Eights Aspiring Students Receive Educational Boost As They Pursue Careers In Nursing Field
Eight aspiring students will be one step closer to reaching their goals of becoming licensed practical nurses (LPNs) with the help of Sanford Health and Northwest Technical College (NTC).
According to a press release, the program loans nursing students $5,000 toward their tuition expenses and offers them part-time employment while they attend NTC. In return, after graduation students work for two years in a full-time LPN position at Sanford in order to receive the full loan forgiveness.
Here’s a list of the 2017 recipients:
· April Denny has worked as an environmental services aide at Sanford Health since February 2016. She is interested in becoming a psychology nurse. She is originally from Springfield, Missouri.
· Kimberli Corson, of Laporte, Minnesota, plans to become a pediatric nurse. She has worked at Sanford Health as a patient access specialist since January 2015.
· Tanya Clemenson is interested in pursuing a physician assistant or nurse practitioner degree. She is currently working as an exercise specialist and has worked at Sanford Health since January 2010. Her hometown is Elk River, Minnesota.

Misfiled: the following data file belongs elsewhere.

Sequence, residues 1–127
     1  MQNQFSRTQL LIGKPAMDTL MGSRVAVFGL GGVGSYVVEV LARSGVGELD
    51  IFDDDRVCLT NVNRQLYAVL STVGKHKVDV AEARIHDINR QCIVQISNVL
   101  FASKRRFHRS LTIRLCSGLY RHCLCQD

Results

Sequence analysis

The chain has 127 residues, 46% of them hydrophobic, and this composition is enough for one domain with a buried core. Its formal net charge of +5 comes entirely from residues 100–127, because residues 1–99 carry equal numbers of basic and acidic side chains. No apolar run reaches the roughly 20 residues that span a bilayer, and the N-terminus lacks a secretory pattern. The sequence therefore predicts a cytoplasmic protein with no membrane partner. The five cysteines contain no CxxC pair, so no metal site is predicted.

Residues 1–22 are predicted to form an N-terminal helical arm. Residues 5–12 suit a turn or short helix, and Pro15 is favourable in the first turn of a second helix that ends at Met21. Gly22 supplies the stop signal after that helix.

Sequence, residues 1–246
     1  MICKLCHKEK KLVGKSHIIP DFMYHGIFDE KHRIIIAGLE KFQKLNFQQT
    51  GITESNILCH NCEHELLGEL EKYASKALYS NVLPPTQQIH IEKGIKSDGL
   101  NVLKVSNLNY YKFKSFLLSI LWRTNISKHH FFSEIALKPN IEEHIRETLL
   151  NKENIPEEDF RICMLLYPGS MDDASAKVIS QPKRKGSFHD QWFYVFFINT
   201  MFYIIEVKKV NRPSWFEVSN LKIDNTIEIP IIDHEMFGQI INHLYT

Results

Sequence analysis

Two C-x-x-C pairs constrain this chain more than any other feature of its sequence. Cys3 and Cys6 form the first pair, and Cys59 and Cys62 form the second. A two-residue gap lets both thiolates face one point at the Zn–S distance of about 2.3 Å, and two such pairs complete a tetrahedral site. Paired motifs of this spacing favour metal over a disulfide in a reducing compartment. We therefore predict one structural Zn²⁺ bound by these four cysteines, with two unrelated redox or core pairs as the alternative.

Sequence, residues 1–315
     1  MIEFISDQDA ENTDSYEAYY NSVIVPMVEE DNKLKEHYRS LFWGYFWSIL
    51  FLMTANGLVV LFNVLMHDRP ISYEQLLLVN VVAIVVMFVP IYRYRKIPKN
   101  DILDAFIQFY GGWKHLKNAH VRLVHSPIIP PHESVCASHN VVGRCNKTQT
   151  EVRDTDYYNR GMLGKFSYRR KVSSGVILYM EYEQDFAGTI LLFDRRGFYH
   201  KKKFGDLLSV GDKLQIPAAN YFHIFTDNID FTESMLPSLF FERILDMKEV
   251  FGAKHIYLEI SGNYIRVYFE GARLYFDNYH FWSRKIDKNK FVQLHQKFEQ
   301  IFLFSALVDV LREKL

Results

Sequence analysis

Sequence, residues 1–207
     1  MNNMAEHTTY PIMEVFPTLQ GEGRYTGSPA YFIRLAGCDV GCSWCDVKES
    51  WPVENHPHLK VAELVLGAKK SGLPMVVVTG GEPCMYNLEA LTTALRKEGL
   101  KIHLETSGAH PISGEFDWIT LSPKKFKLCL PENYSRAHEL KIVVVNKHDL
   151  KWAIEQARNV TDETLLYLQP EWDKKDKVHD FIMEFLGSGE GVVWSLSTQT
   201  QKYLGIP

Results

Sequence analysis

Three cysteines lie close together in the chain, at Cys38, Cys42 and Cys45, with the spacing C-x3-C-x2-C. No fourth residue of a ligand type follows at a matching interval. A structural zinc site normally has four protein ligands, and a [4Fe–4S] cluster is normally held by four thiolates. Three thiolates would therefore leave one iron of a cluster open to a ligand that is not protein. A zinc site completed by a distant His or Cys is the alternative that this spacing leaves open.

· Benjamin Hovestol has worked as a personal care assistant at WoodsEdge since January 2017. He plans to become a pediatric nurse. He is from Bemidji.
· Mary Pratt has been working as a patient care assistant at Cedar Cottage in Bemidji since 2014. Originally from Esko, Minnesota, she is interested in specializing in wound, hospice or geriatric nursing.
· Taelor Boyce grew up in Bemidji and graduated from Baptist High School in 2016. She is interested in becoming a pediatric or oncology nurse.
· Harris Moses graduated from Saint Mary University in Winona, Minnesota, with a degree in political science. He is interested in becoming a pediatric nurse, emergency nurse or a physician assistant.
· Vincent Obaigwa is from Kenya and has worked as a certified nurse assistant since coming to the United States. He is interested in becoming a registered nurse.
“The loan helps remove the financial barriers for students and provides Sanford Health with talented new nurses upon graduation. It benefits us all,” said Brian Matthews, director of human relations for Sanford Health of Northern Minnesota. “And an LPN degree is often a stepping stone for nursing students, who return to school for their registered nurse degree or other advanced technical training.”